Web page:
Hundreds of thousands of people took to the streets of Barcelona on October 8 in protest against the secession from Spain.
The march was organized by the Catalan Civil Society (Societat Civil Catalana), which is supported by political parties in Madrid and which called on people from all over the country to attend the march.
“Catalonia belongs to us all, and not just to the nationalists,” said Alex Ramos from the Catalan Civil Society.
The massive demonstration came as Spanish prime minister Mariano Rajoy threatened to take “drastic” measures to maintain the integrity of Spain, including using Article 155 of the Spanish Constitution which allows central government to take control of the governance of a region.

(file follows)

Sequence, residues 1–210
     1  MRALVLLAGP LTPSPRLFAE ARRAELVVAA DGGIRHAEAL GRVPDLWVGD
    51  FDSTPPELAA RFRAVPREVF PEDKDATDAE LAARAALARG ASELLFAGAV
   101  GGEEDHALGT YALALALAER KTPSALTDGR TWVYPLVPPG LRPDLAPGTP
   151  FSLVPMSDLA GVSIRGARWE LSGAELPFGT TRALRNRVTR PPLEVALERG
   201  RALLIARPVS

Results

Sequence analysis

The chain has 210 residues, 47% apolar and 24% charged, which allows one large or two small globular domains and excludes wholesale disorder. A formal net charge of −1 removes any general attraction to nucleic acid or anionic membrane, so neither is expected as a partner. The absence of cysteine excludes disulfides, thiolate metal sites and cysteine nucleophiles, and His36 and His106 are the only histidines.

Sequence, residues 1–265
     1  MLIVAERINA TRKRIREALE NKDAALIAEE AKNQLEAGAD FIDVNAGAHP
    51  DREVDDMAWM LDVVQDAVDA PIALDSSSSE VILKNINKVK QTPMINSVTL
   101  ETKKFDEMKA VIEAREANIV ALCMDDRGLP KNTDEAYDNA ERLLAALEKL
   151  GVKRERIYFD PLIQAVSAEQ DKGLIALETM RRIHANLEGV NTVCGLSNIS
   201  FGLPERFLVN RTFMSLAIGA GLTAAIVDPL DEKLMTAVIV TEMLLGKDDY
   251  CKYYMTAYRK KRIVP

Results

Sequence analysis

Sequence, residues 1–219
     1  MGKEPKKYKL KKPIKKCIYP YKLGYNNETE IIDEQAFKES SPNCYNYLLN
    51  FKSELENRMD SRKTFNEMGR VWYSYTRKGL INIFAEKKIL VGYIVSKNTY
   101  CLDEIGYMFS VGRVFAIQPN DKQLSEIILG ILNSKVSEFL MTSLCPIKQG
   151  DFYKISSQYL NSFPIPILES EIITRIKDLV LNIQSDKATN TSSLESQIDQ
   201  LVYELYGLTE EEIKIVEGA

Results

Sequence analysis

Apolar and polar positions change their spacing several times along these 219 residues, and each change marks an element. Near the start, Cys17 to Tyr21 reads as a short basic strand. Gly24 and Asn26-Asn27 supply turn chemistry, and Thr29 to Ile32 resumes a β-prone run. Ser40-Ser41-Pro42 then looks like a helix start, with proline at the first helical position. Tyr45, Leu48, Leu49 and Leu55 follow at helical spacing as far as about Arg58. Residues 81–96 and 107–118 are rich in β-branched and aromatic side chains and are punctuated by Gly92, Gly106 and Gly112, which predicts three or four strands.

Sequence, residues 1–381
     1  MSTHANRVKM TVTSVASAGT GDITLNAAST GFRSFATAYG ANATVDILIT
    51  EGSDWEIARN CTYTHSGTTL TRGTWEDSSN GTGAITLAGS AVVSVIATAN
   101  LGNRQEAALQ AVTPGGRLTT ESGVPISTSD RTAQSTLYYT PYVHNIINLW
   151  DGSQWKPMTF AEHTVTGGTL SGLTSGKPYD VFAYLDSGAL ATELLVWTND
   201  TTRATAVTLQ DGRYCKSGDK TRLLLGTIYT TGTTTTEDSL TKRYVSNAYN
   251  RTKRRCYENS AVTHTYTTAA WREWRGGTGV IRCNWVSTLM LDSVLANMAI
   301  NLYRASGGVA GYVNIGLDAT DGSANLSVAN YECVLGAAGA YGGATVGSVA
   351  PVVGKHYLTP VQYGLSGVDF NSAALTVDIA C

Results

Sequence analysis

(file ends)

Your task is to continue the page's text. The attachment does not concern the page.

“The ideal situation would be that I don’t have to find drastic solutions, but for that to happen there will have to be some rectifications [by Catalan leaders],” Rajoy told El Pais newspapers.
Organisers claimed that around one million people had joined the march, a figure revised downward by Barcelona police to 350,000.
The Catalan independence referendum took place on October 1. 90% of the 2.26 million Catalans who voted chose yes. The turnout was 42.3%, which may signify the fact that those in favor of staying with Spain deemed the vote illegitimate and didn’t vote, as pre-referendum polls have shown a clear 60-40 majority of Catalans in favor of remaining part of Spain. Madrid used police violence in an attempt to prevent the vote. At least 893 people and 33 police were reported to have been hurt during the attempts to stop the vote by the police. Mariano Rajoy has denied the legitimacy of the referendum.
Catalonia’s two major banks, Sabadell and CaixaBank, have led an exodus of major companies from the region in recent days, increasing pressure on breakaway Catalan leaders to seek a negotiated settlement.